Smokey Johnson

From Wikipedia, the free encyclopedia
Jump to: navigation, search
Smokey Johnson
Birth name Joseph Johnson
Born (1936-11-14)November 14, 1936
New Orleans, Louisiana, United States
Died October 6, 2015(2015-10-06) (aged 78)
New Orleans, Louisiana, United States
Occupation(s) Musician
Instruments Drums
Years active Mid-1950s–1993

Joseph "Smokey" Johnson (November 14, 1936 – October 6, 2015) was an American drummer. He was one of the musicians, session players, and songwriters who served as the backbone for New Orleans' output of jazz, funk, blues, soul, and R&B music.

Biography[edit]

Born in 1936 in New Orleans Johnson was raised in Tremé, where he attended Craig School and Clark High School. He played trombone before switching to drums at age 12.[1] Around age 17 he began playing in local dance clubs.[1]

Johnson served as the drummer for Fats Domino in the 1950s and 1960s.[2][3][4][5] In 1961, Johnson and Wardell Quezergue worked together on the session for Earl King's proto-funk classic, "Trick Bag", produced by Dave Bartholomew.[4][6] Soon after, Johnson went with Quezergue and childhood friend Joe Jones, and several other New Orleans artists (including Johnny Adams and Earl King) to audition for Motown in Detroit, where they recorded numerous demo sessions.[7] Earl King once remarked that at least part of the reason why they got in the door was Motown's fascination with Smokey Johnson, who could do more on a trap set by himself than any two of the label's session drummers. Although Motown ended up not signing any of the New Orleans artists, Johnson offered to remain on staff while the other New Orleans artists were dispatched.[7] Johnson remained in Detroit for several months before deciding to return home; but his influence on the Motown sound was profound, as the other drummers studied his techniques, incorporating them into countless hit sessions.[8]

In 1963 and 1964, Dave Bartholomew enlisted Johnson for his last two Imperial big band albums, giving Johnson the spotlight on the tune, "Portrait Of A Drummer", from New Orleans House Party.[7] In 1964, about a year after Nola Records was formed in New Orleans, Quezergue, a partner in the label as well as principal producer/arranger, invited Johnson to be the drummer for label's house band.[6] After a few months, Johnson and Quezergue wound up writing and recording what has become a New Orleans Mardi Gras standard called "It Ain't My Fault". Deftly arranged, "It Ain't My Fault" is a fascinating early example of both Johnson and Quezergue incorporating Second Line syncopation into pop music. The arranger's device of starting off with just the drummer's relaxed but intricate percussive work (plus somebody hitting what sounds like a glass bottle) quickly pulls the listener into the song, even before the simple musical hook, played by just the guitar and piano. George Davis runs the guitar riffs on the first side with that recognizable style made famous several years later on Robert Parker's "Barefootin'".[7]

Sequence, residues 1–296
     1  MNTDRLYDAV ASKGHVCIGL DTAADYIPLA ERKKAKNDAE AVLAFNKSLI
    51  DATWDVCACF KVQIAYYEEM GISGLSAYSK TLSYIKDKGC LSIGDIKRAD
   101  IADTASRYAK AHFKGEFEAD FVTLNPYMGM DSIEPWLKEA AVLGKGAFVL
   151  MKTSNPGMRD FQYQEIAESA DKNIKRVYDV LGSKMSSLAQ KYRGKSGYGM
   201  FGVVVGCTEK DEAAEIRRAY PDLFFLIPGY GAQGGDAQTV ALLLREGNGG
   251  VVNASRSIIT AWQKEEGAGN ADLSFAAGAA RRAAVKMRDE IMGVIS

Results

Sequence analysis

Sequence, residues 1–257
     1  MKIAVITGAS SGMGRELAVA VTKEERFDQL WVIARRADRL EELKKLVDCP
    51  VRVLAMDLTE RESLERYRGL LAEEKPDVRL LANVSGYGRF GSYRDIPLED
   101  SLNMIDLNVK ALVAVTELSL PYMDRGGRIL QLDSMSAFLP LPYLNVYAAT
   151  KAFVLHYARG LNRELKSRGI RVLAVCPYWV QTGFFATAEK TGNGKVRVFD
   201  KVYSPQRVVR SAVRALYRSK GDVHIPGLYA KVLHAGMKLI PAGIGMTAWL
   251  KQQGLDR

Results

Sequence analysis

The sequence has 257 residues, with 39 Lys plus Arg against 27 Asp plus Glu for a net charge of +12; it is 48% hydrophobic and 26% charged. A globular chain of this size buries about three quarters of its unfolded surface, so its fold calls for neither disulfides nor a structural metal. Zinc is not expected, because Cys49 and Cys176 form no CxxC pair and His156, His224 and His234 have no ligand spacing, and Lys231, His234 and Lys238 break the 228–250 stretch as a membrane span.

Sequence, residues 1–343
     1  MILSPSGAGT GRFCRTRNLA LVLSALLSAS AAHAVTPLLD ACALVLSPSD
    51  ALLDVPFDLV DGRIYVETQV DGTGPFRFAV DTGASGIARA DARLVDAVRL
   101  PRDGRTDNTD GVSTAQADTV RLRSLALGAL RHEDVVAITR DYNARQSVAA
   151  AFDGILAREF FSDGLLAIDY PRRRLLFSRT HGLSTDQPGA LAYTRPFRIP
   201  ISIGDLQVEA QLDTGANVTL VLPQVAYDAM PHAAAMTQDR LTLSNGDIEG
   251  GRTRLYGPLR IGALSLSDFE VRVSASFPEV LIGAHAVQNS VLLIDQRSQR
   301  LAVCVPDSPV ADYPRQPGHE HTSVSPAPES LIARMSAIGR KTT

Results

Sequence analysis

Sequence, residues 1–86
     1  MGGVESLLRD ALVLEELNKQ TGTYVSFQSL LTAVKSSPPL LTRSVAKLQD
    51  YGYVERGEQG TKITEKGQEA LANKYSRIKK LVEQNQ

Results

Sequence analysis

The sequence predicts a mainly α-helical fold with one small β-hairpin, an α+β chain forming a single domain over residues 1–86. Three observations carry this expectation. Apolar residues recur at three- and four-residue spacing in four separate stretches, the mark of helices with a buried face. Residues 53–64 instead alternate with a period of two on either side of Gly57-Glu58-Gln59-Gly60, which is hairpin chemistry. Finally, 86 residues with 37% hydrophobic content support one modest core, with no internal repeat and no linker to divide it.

While the lighthearted, hard to resist "It Ain't My Fault" was enjoyed locally in New Orleans, it did not have a national impact at the time; however, it set the stage for many more uniquely funked up grooves to follow, and over time has become a Mardi Gras favorite and a part of the brass band repertoire. "It Ain't My Fault", which sometimes is called "No, It Ain't My Fault" was recorded by groups such as the Olympia Brass Band (formerly Dejean's Olympia Brass Band) (seven times),[9][10][11][12][13][14][15] the Rebirth Brass Band,[16][17] the Dirty Dozen Brass Band, Charmaine Neville,[18] Milton Batiste,[19] Shane Theriot (guitarist for the Neville Brothers),[20] the Young Olympians,[21] the Ambrosia Brass Band, David Roe,[22] Cole Prior Stevens [23] and the Zydeco All-Stars.[24]

Johnson stopped playing drums after suffering a stroke in 1993.[1] He was forced to leave his home in the wake of Hurricane Katrina in September 2005.[25] Before his death he was a resident of Musicians' Village, a Habitat for Humanity project in the Upper Ninth Ward of New Orleans.

Legal action[edit]